At the end of one calendar year, you can ask the government to check whether you have paid too much income tax. To do so, you submit your income tax declaration to the tax office. On the basis of the figures you supply about your actual income and financial charges, the government is able to check whether you are entitled to a refund. It usually worthwhile filling in the tax declaration form: according to the data of the Federal Statistical Office, nine out of ten taxpayers receive a refund. On average, they receive a refund of around 900 euros.

How to fill in your income tax declaration

You can collect the tax declaration forms from your tax office, or download them from the tax office Web site and print them out. You also have the possibility of making your tax declaration online, at www.elster.de. If you are obliged to file an income tax declaration, either because you have chosen the combination of tax brackets III and V (3 and 5), or have received indemnities (for example health insurance payments, unemployment benefit or child benefit ) of more than 410 euros, you must hand it in to the tax office by the end of May of the following year. In the tax declaration, you state how much you earned in the past year and how much income tax, solidarity surcharge and, if applicable, church tax, your employer has paid to the tax office on your behalf. Your employer will normally inform you of these figures once the calendar year has ended in a separate statement (a print-out of the electronic income tax certificate). You should then enter these figures in your tax declaration.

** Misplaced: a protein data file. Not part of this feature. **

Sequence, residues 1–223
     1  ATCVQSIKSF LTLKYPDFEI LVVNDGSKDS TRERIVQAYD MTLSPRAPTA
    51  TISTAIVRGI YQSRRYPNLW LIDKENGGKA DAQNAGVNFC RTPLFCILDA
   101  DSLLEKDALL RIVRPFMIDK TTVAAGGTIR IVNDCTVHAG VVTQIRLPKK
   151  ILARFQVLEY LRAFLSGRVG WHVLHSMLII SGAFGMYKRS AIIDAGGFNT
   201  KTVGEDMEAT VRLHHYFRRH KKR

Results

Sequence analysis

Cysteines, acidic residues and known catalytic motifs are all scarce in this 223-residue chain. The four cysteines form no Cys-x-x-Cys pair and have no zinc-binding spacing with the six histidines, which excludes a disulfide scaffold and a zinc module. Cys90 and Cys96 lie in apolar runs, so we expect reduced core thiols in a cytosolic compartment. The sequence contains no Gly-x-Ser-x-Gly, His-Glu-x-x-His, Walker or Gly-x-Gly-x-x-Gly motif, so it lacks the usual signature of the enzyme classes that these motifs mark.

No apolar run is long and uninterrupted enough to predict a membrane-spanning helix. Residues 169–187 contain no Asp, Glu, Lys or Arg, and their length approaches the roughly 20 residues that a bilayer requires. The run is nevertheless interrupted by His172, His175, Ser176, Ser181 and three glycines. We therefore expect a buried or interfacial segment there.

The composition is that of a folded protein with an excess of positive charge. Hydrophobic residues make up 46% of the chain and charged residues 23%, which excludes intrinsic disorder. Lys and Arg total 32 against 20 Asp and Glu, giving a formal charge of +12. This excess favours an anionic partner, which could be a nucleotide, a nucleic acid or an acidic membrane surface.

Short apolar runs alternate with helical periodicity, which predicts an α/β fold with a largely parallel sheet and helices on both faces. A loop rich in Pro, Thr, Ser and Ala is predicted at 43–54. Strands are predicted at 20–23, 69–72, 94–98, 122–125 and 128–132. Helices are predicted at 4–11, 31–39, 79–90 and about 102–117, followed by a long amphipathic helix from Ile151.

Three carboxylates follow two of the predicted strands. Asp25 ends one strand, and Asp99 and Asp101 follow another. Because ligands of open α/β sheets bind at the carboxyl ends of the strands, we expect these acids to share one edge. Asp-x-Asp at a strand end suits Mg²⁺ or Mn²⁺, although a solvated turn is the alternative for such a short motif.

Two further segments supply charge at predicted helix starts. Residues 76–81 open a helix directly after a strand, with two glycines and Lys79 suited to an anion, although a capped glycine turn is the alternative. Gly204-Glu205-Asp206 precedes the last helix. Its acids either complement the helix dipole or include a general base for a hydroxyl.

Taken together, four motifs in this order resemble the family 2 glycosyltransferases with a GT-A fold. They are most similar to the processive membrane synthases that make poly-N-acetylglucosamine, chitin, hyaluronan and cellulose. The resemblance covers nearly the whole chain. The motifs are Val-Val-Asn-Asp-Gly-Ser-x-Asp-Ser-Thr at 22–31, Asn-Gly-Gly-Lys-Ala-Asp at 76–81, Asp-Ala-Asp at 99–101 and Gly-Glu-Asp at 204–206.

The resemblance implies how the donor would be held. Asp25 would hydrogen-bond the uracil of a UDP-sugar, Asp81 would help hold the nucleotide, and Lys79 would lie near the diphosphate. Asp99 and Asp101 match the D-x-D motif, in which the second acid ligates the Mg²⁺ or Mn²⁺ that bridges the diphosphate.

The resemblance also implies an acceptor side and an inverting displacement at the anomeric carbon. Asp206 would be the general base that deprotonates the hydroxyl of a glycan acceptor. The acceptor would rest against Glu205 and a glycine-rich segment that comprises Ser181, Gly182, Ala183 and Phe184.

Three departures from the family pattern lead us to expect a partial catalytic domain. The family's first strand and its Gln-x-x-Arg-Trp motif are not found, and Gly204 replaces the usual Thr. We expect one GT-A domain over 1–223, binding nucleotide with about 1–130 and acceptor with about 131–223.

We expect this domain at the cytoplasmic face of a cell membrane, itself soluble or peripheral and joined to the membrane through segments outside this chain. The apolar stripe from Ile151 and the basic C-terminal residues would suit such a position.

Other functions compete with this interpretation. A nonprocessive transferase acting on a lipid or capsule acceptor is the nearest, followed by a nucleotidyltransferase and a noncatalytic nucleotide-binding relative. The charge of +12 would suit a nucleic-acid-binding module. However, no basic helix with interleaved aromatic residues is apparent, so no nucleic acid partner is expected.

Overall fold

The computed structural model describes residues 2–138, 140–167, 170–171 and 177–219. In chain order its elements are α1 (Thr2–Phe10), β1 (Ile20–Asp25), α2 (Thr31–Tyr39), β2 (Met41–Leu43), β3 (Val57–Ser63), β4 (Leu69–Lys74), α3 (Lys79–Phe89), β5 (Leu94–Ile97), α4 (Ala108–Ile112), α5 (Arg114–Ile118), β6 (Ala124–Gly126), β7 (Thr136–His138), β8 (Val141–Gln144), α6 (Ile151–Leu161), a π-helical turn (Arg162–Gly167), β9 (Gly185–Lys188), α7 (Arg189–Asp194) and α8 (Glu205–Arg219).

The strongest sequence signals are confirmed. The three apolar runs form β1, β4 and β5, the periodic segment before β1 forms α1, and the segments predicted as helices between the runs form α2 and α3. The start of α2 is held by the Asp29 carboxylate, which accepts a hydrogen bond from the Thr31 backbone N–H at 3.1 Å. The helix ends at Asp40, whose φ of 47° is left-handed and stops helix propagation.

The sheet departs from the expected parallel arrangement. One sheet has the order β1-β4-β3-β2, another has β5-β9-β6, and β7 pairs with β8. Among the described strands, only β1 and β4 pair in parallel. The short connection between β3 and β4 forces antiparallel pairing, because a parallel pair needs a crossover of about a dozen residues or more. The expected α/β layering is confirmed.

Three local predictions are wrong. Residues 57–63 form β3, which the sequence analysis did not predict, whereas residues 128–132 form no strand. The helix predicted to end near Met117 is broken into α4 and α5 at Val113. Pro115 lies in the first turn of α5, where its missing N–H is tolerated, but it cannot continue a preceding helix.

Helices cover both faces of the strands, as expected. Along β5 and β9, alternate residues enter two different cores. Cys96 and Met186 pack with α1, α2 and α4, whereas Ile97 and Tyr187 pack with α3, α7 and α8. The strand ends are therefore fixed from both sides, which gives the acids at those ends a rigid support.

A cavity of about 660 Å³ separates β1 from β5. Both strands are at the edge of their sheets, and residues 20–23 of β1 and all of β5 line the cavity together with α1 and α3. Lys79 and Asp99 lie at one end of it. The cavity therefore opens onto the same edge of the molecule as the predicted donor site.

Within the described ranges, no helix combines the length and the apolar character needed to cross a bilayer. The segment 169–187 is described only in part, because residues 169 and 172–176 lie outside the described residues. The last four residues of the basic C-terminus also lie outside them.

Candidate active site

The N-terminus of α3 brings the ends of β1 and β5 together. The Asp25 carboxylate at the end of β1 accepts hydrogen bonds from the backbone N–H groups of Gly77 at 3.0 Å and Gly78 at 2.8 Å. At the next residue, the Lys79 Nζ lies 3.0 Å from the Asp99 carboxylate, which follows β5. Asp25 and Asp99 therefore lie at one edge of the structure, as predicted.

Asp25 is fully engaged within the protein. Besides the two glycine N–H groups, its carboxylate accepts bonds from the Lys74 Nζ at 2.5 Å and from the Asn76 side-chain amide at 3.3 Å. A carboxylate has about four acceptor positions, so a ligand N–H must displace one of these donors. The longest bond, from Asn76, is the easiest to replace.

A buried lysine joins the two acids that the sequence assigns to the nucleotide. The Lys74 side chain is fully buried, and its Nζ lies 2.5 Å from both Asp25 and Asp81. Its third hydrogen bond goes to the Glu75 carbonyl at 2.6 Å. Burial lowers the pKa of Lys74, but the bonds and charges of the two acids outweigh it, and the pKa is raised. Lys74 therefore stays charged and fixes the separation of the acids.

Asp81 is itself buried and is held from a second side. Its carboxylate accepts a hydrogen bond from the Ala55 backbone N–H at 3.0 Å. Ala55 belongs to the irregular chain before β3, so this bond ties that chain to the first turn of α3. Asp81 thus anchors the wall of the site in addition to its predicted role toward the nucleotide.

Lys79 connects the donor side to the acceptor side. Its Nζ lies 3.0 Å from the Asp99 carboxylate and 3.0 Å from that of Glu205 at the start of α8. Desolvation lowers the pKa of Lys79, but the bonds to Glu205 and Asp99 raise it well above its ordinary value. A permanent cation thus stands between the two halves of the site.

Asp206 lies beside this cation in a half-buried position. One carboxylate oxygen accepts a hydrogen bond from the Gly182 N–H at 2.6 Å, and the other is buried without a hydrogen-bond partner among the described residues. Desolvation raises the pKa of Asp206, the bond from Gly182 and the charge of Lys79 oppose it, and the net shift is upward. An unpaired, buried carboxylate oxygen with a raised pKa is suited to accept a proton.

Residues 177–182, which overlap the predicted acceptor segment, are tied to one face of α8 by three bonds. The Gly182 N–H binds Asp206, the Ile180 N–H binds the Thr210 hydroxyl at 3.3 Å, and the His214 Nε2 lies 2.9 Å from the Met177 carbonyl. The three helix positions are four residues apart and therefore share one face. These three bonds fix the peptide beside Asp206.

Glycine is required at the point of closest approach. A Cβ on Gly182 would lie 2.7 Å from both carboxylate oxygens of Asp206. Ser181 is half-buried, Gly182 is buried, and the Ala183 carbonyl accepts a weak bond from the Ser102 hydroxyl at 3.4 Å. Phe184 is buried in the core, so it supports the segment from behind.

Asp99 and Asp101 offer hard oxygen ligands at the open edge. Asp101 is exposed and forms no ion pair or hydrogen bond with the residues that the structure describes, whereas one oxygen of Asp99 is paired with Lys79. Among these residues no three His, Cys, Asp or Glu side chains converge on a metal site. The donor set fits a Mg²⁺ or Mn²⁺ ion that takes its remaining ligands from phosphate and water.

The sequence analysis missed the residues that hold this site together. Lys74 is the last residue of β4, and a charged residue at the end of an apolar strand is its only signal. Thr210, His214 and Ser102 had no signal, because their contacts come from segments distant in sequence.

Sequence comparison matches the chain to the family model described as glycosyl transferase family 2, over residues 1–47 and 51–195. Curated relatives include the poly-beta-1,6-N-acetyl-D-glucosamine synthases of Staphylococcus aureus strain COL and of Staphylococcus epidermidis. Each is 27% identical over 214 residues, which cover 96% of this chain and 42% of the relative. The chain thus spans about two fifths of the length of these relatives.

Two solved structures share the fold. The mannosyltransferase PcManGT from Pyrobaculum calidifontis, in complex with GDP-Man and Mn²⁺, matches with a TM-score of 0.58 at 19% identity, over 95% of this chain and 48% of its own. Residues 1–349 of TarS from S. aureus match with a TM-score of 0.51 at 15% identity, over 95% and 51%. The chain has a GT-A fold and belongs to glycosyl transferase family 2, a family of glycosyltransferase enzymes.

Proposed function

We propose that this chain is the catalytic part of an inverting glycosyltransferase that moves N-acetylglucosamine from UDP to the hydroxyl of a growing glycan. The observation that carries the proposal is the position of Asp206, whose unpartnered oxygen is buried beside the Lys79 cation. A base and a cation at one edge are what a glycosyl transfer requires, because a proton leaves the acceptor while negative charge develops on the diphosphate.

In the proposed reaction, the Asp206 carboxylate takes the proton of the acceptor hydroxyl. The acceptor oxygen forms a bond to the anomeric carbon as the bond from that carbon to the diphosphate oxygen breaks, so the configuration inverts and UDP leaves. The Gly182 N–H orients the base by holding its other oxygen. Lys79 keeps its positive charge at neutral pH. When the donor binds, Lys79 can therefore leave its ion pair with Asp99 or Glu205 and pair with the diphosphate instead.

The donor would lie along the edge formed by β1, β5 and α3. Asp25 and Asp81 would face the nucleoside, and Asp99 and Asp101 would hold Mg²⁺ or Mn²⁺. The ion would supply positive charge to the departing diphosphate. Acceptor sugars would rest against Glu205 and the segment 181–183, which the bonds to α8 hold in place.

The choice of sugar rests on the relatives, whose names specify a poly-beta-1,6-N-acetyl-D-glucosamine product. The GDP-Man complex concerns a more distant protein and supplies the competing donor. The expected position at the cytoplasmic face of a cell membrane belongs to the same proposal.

Certain expenses may lower the amount of tax you have to pay. You should also enter these in your tax declaration. They include, for example:

  • Expenses for moving house for professional reasons, including from abroad
  • The costs of applying for jobs, including from abroad
  • Expenses for travel to work
  • The costs of private pension schemes

For many kinds of expenses, it is important to keep copies of receipts as proof, and that the expenses/costs were incurred between January 1 and December 31 of the year in question. However, if you take up employment in Germany which makes you eligible for income tax, and you incurred costs related to this during the previous year, you can declare them and have them deducted from your taxable income. To do so, you must submit a tax declaration for the previous year as well. The tax reduction is effective for the year during which you earned income in Germany.

Do it yourself or ask an expert?